I’m helping to solve California’s fiscal crisis, but not because I want to.
Just last month, as I was heading back home from Danville's Blackhawk Plaza with my elderly mom, aunt and uncle, I got pulled over in Windemere, where I live, and a very polite San Ramon police officer asked me if I knew why.
“Do you know what you are supposed to do at flashing red lights?” he asked. I realized then that slowing down and looking both ways in the intersection where that light was out wasn’t the right answer, which is what I had done.
I took the high road and confessed, despite the protests and advice of my front and back seat driver family members. My aunt was posturing for a fight; my uncle recommended the silent treatment, and my Mom was fixated on the fact that I should have known better.
Traffic school, here I come, I thought. My mind wandered as the officer took his time writing my ticket. Will I choose improve or comedy school? (Really? What makes traffic school funny?) So many choices.
I swore my family members to secrecy before I pulled back onto the road. No spoiling the weekend by telling my husband. I needed to find just the right moment to reveal the secret, or better yet, devise a devious interception of the ticket.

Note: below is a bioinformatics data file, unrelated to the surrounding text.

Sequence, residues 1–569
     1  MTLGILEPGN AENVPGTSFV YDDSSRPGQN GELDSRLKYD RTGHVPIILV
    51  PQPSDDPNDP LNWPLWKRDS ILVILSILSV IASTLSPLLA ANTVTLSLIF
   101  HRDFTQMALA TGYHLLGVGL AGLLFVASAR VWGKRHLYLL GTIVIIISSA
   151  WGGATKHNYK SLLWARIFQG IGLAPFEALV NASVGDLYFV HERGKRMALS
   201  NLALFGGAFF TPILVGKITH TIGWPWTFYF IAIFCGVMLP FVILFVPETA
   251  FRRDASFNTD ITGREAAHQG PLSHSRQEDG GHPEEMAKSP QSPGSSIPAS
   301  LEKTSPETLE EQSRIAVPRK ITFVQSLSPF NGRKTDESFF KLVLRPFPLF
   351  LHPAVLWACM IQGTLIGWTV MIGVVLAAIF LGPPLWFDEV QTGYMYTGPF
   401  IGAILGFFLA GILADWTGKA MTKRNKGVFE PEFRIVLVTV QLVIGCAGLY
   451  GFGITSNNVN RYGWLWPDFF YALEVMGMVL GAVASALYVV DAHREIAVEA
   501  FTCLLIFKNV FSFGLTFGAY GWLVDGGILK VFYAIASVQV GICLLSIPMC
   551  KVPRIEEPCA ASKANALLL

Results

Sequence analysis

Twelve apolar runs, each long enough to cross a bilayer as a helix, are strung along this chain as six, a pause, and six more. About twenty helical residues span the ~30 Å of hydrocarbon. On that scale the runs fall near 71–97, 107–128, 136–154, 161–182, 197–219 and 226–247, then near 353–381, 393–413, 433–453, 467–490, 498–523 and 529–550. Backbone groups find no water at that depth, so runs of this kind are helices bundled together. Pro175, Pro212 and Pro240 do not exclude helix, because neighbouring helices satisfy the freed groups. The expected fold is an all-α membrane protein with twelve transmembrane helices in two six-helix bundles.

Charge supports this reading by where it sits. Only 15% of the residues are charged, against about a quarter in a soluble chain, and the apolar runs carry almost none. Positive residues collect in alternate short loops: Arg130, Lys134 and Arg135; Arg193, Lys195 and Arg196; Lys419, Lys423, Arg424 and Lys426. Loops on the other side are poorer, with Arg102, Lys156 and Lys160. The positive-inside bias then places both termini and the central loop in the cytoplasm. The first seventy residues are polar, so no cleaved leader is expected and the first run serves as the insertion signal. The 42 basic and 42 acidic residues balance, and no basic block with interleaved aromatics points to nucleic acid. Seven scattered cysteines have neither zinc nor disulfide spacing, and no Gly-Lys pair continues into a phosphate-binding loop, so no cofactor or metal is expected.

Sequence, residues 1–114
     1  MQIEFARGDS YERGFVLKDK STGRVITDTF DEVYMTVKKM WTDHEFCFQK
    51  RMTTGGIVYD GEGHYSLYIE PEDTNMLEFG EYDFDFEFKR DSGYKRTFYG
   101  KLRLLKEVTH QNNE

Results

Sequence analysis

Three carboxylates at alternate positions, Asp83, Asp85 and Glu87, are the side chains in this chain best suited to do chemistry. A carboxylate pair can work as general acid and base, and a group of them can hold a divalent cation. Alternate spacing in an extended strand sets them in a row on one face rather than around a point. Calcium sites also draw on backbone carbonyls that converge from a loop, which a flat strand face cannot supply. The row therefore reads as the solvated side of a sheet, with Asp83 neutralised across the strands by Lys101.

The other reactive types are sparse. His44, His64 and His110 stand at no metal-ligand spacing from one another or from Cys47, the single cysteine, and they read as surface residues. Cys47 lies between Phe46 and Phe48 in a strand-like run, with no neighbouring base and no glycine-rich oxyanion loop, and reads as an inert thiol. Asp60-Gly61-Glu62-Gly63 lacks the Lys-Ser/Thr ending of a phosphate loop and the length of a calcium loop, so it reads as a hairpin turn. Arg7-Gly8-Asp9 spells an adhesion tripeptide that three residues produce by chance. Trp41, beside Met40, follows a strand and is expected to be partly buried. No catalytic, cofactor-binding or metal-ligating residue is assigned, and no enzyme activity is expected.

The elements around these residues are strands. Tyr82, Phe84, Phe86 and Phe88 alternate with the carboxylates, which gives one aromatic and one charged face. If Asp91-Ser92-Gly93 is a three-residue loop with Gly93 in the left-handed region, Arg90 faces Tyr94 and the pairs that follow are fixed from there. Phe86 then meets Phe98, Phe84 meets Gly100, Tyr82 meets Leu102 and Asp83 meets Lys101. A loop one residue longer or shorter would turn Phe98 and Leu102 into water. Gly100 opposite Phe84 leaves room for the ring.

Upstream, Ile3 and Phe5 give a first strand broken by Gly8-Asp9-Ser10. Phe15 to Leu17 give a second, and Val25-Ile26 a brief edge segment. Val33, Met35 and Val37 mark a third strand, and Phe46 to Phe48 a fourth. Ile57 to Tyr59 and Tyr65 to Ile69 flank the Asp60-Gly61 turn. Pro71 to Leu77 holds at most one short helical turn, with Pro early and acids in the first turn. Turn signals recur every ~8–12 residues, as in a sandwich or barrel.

In the end I did tell all, spurred by the fact that I didn’t feel that bad since my husband had been slapped with a ticket after dozens of years with a clean record, and I had already ragged on him about the eventual bill and his insistence in fighting it to the bitter end.
Little did I know the price of being a scofflaw had gone up — a lot.
I was on a business trip when I spotted an email in big, bold, all cap, red letters — my husband’s warning shot. $541 was the subject line.
$541 for a ticket?
Then he rampaged about the California financial crisis and the state’s thirst for revenue. Scofflaws like me are paying the price for the bailout of our financially-strapped state and city.
Traffic school, here I come. But no funny business. I'll take the straight stuff, online.
Next stop: the poor house.